The second aspect I found strangely relevant is the surveillance theme in the novel. In Forty Sings of Rain Frank met a woman working for a nebulous secret service. As their relationship evolves, he gets to know more about her work and the inner workings of the organisation she is working for. Frank is amazed that he would be interesting enough to keep an eye on and that it would be so easy. After Edward Snowden's recent leaks, we know that what Robinson describes is positively tame to what is going on in reality. Where the science Robinson describes, still works pretty well, I'm afraid reality has overtaken him on this point. One particular weakness is the low-key role of information technology (and the possibilities to monitor the communication it enables) seems odd. It's one area where technological development almost seems to outpace the capacity of society to adapt to it.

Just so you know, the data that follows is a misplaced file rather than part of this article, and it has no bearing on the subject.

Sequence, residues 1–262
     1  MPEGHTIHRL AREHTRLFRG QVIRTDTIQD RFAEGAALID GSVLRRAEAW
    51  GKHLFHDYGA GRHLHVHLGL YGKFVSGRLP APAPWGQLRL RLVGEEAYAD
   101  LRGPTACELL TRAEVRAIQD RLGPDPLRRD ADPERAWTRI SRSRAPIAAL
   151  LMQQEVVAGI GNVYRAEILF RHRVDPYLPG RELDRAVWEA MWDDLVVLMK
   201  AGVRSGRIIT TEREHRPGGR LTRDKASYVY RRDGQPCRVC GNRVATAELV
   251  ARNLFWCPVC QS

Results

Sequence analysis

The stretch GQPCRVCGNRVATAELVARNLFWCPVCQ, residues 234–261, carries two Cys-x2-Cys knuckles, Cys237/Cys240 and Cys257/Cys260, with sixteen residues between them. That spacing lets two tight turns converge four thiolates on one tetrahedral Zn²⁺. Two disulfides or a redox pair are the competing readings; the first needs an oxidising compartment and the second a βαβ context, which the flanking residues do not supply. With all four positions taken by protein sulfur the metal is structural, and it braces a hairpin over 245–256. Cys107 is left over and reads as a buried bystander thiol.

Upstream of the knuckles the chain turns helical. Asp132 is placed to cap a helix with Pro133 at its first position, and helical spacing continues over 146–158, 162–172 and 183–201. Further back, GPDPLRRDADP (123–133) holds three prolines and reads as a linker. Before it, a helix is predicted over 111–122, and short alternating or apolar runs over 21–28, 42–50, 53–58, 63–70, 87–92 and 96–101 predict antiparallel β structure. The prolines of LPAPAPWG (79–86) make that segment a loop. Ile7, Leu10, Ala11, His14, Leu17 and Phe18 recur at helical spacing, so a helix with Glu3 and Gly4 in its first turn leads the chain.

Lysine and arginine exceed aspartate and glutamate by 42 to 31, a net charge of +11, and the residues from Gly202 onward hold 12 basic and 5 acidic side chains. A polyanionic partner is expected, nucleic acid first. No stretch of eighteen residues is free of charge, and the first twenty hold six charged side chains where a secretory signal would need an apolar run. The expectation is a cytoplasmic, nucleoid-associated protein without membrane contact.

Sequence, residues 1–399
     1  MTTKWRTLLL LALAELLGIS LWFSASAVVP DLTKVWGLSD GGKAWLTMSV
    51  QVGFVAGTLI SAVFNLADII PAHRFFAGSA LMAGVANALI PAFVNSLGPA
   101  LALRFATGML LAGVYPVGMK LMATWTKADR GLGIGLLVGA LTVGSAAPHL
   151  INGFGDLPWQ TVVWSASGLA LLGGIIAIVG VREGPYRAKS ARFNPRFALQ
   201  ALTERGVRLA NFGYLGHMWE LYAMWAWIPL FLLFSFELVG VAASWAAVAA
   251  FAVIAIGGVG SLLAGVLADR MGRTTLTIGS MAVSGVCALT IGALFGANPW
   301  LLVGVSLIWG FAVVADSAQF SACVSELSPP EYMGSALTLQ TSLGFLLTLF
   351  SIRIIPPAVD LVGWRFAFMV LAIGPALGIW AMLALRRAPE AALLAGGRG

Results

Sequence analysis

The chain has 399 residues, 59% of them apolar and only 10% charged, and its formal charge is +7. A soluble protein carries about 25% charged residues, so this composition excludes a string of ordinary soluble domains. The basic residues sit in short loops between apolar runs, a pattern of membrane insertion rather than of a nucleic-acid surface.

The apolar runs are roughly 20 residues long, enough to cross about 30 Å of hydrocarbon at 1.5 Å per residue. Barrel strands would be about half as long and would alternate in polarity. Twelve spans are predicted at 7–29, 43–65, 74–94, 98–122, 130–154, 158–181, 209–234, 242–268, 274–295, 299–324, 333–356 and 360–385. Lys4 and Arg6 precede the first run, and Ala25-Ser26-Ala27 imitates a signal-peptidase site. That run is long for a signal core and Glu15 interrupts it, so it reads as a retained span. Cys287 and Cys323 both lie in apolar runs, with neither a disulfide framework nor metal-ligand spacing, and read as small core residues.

The trilogy is often being described as eco-thrillers and quite a few very dramatic events take place in this novel. Whole islands disappear into the sea, blizzards rage, elections are being manipulated. There is plenty of material for a real thriller here. Robinson didn't write a thriller though. He uses these event to make a point but they are not what the novel focuses on. As such, I think the thriller label is a bit misleading. If you go into these books expecting some Michael Crichton or Robin Cook you're in for a disappointment. Treat is as a near future science fiction novel works a lot better.